You may not be surprised—seeing “Malcolm Morley: Painting, Paper, Process” at The Parrish Art Museum—to learn that British-born, 81-year-old Morley, who’s lived in Bellport for close to three decades and whom the Parrish chose as its temporary exhibition inaugural artist, had a difficult coming of age. When merely a child, his home was blown up during The Battle of Britain, that deadly but decisive WWII victory for the RAF in 1940 that must have both thrilled and terrified a nine-year-old. Add what must also have been troublesome post-war experiences, including reform school and three years in Wormwood Scrubs Prison in West London for theft, and you have, perhaps, an explanation for the edgy, pop-art, neo-expressionist mixed-media paintings, collages and sculpture that define a significant part of Morley’s artistic life.
Many of the 50 or so pieces on view at the Parrish focus on fighter planes in low and high relief—“attachments” he calls them—that fly into and out of colorful oil and encaustics on linen and paper. The two rooms in the Parrish’s temporary exhibition galleries also include the life-size, free-standing paper motorcycle sculpture, Ring of Fire (2009), and the in-the-round Lifeboat rectangular block, whose painted sides illustrate a shark-infested sequence. The disjunction between grim subject matter (particularly apparent in Floating [dead] Sailors from the late ’90s) and bold-color canvasses seems, in the aggregate, vintage Morley, though not necessarily intelligible Morley. Of course, admirers will say, that’s the point.
The inaugural exhibition also contains drawings and black-and-white encaustics on paper, the latest being Elsa Looks Left, part of a 2009–2010 series of dog sketches. It’s unfortunate that there are no pieces earlier than the 1980s, though had such work been included, it might have proved challenging especially for those who like to label art by period or approach. But, as chief curator at the Parrish (and of this show) Alicia G. Longwell points out, Morley has never been known for what could be called “a signature style.” He himself has said, “As soon as something I do is accepted and successful, I have to change it.”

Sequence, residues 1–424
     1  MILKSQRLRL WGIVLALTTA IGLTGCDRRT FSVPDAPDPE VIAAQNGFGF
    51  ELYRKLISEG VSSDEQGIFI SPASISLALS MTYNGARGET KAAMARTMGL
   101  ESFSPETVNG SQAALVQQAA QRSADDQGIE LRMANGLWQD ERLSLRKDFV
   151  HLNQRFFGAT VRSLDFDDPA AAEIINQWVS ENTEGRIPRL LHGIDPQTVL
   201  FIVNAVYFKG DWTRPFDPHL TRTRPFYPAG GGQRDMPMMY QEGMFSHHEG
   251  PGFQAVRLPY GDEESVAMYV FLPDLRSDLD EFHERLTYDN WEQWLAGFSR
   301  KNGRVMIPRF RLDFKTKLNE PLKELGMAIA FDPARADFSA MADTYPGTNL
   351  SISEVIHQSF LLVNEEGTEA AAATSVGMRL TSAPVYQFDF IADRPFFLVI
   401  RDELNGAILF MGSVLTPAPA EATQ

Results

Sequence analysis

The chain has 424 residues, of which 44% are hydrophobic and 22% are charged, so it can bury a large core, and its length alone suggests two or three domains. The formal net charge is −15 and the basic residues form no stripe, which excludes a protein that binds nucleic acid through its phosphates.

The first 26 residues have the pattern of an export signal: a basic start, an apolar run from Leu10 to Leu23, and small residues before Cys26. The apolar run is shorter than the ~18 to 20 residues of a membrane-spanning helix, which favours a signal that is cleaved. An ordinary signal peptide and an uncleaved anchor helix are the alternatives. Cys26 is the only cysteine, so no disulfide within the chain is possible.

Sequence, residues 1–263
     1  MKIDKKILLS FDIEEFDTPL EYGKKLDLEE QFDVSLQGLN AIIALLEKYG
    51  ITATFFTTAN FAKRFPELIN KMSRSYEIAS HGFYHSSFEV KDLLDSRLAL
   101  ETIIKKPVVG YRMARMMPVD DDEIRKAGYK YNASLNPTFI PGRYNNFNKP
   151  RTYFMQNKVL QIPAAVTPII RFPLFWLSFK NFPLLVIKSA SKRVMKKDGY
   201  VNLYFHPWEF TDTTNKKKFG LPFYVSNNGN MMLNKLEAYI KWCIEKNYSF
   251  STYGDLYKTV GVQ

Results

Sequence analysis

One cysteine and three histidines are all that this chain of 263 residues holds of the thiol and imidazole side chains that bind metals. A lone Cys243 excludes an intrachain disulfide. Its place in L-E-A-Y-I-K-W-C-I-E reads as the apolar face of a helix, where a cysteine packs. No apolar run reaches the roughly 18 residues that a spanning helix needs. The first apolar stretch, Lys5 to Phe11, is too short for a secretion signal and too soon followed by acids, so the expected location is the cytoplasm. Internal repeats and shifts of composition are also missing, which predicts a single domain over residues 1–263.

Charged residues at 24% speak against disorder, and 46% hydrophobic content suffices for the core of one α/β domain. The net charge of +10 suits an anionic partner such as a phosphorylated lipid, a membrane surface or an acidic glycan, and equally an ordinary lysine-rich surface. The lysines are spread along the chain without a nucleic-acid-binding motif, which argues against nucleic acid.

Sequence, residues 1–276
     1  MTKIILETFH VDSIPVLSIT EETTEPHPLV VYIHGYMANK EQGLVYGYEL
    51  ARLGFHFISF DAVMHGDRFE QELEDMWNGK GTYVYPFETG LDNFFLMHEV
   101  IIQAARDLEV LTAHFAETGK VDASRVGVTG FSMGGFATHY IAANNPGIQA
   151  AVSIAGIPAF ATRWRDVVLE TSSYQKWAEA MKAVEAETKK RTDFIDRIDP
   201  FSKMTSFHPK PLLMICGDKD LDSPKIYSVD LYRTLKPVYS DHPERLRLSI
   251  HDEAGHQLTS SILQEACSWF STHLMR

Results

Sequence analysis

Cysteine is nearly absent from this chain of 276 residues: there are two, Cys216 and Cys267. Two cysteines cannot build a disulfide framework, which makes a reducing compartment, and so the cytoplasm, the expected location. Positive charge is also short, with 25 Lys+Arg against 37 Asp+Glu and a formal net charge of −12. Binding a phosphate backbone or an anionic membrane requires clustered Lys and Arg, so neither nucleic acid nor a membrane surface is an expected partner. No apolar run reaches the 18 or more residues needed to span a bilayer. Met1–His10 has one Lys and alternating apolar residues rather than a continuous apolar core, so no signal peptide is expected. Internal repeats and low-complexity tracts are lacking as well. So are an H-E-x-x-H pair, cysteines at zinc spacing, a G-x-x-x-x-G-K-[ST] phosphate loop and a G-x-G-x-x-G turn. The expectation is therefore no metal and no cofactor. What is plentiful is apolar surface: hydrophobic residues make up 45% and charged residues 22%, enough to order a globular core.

In the ’50s Morley studied at the Royal College of Art, and, after seeing Pollock and other abstract expressionists, pursued abstraction, then pop art and photo- or super-realism, influenced by Warhol and Lichtenstein. In 1984, to great controversy, Morley won the first Turner Prize, for a huge four-panel quasi-abstract oil Farewell to Crete (not on view here).
The hallway features several lithographs and monotypes depicting World War I model airplane kits (“three dimensional watercolors” Morley calls them), along with fanciful, Chagall-like watercolor scenes of Miami. It’s the west room’s huge Icarus (1993), however, that commands attention, especially when viewers are told that one of the two plane “attachments”—the one that’s nosediving into the canvas—is actually moving. Slowly, clockwise. In the adjoining room, the huge red circular Flight of Icarus (1995) also attracts notice. How these works fit together with, say, Washed Ashore (1987), a full-palette abstract of seaweed-like strokes of beach detritus, is not readily apparent.
Morley is not a household name, so why did the Parrish select him for its inaugural exhibit? Longwell notes that the museum had been talking with the artist “for quite some time about an exhibition that looked at the myriad and inventive ways in which he has used paper in his art-making process, and this exhibition…is the culmination of that ongoing conversation….” In 1991, she adds, the museum “hosted a superb exhibition of his watercolors, organized by Tate Liverpool and we’ve been hankering ever since to have another show with this internationally known artist who just happens to live in our neighboring township. What better occasion than the opening of our new building.”
What might be inferred from his selection as inaugural artist is that the museum may be signaling a desire to be more of a Parrish Modern, dedicated to promoting an innovative, expanding, albeit provocative, vision of American art and culture than what has been guiding the Jobs Lane Parrish lo these 112 years. For those who miss missions past, however, William Merritt Chase and Fairfield Porter are right down the hall in dedicated rooms (and check out the Estaban Vincente exhibit!).
“Malcolm Morley: Painting, Paper, Process” will be on view through January 13, 279 Montauk Highway, Water Mill, www.parrishart.org.